The final chapter of the book examines how Belle de Jour works in relation to Buñuel’s other “late” films.  Wood complicates notions that his late films are characterized by a supposed “serenity,” stating that any such sentiment is nevertheless intertwined with a lingering sense of cruelty as well as narrative disruptions.  Although these motifs and formal devices characterize Buñuel’s films throughout his varied career, Wood retains the idea that there is a “late Buñuel.”  What differentiates these late films from all the former is their particular concern with high society and bourgeois culture, as evidenced by the French.  The fashion consciousness and high minded-ness of Belle de Jour pervades throughout these late films.  Wood concludes then that Belle de Jour marks a specific breaking point in Buñuel’s reworking of his interests.  In this break, Buñuel begins commenting directly on the society in which he lived at the time.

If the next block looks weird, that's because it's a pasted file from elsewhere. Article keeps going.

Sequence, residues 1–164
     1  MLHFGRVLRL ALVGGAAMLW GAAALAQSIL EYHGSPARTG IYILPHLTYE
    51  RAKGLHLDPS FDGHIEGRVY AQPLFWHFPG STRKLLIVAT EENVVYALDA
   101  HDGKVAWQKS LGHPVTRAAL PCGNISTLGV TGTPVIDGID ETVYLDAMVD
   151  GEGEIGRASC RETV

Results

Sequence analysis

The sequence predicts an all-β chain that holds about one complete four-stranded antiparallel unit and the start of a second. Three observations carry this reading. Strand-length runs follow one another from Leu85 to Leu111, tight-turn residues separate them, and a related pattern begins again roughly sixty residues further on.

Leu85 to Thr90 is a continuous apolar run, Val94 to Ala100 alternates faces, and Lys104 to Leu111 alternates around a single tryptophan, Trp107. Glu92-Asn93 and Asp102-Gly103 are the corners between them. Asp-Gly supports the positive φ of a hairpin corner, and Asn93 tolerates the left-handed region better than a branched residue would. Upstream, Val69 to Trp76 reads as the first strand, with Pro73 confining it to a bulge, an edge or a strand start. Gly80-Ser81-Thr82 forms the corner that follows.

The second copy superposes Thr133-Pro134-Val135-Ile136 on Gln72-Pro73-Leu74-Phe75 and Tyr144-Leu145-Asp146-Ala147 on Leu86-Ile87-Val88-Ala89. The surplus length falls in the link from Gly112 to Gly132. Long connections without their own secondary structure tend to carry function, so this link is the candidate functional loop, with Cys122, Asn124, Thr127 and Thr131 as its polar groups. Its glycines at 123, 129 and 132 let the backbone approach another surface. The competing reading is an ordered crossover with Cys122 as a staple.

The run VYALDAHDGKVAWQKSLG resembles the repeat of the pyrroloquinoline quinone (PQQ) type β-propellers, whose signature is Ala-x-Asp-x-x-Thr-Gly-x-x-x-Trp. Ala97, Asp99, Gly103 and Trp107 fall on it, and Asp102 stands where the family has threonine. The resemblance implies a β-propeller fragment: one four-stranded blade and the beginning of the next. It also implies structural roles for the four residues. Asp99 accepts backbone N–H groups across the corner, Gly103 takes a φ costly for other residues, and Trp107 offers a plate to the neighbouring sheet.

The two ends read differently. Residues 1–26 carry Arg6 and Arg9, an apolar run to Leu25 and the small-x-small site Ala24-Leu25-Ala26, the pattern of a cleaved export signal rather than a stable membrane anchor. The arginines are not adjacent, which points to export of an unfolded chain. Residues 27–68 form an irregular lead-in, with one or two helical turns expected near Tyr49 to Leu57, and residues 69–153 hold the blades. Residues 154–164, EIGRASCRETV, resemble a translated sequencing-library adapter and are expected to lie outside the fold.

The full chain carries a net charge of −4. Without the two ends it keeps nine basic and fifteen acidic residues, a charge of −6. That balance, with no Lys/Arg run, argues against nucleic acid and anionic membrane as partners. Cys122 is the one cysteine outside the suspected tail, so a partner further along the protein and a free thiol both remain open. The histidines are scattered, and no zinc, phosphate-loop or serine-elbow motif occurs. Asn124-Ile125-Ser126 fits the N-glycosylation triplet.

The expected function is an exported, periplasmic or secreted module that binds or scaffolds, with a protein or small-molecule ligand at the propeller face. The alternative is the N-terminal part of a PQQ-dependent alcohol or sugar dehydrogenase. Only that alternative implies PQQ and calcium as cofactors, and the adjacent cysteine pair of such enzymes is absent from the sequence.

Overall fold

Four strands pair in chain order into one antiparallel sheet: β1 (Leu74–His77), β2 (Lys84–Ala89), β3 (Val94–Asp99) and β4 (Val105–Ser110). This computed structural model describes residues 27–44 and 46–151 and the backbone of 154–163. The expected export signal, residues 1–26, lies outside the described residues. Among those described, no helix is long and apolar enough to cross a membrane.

Impressively, Wood’s book successfully synthesizes a great number of ideas and sources into this short volume.  Anyone who has seen Belle de Jour, much less tried to write about the film, knows that it deflects unified comprehension.  Wood’s description and analysis of various moments in the film illuminates this sentiment.  In his eventual analysis, Wood indicates that although there are any number of specific readings one may have of Belle de Jour, no specific one has precedence over another.  Thus, his own conclusions are wonderfully ambivalent and inspire further consideration on the part of the reader.  Wood’s resigned unsettling of Belle de Jour accompanies his regular interjections regarding the way the film interacts with many other sources.  As it would be impossible to give a definitive reading of the film, it is that much better described by its interactions with other texts.  Wood’s knowledge of the scholarship about the film is considerable, seen at once in his bibliography.  Yet, he only brings this knowledge to bear when appropriate, to illuminate specific points.  The relation he draws between Belle de Jour and other Buñuel films is insightful, even disregards the importance of Buñuel’s Mexican films.  What appears as more of a revelation results from Wood’s comparison of Belle de Jour to films of other directors. As noted, Wood describes at length how the film compares to the original novel.  Of equal importance is the manner in which the movie combines a number of talents, including the actors, the producers, and the cinematographer, not to mention Buñuel himself, into a strikingly original film of lasting importance.  It is in this contextual mode that Wood pictures the film as a whole.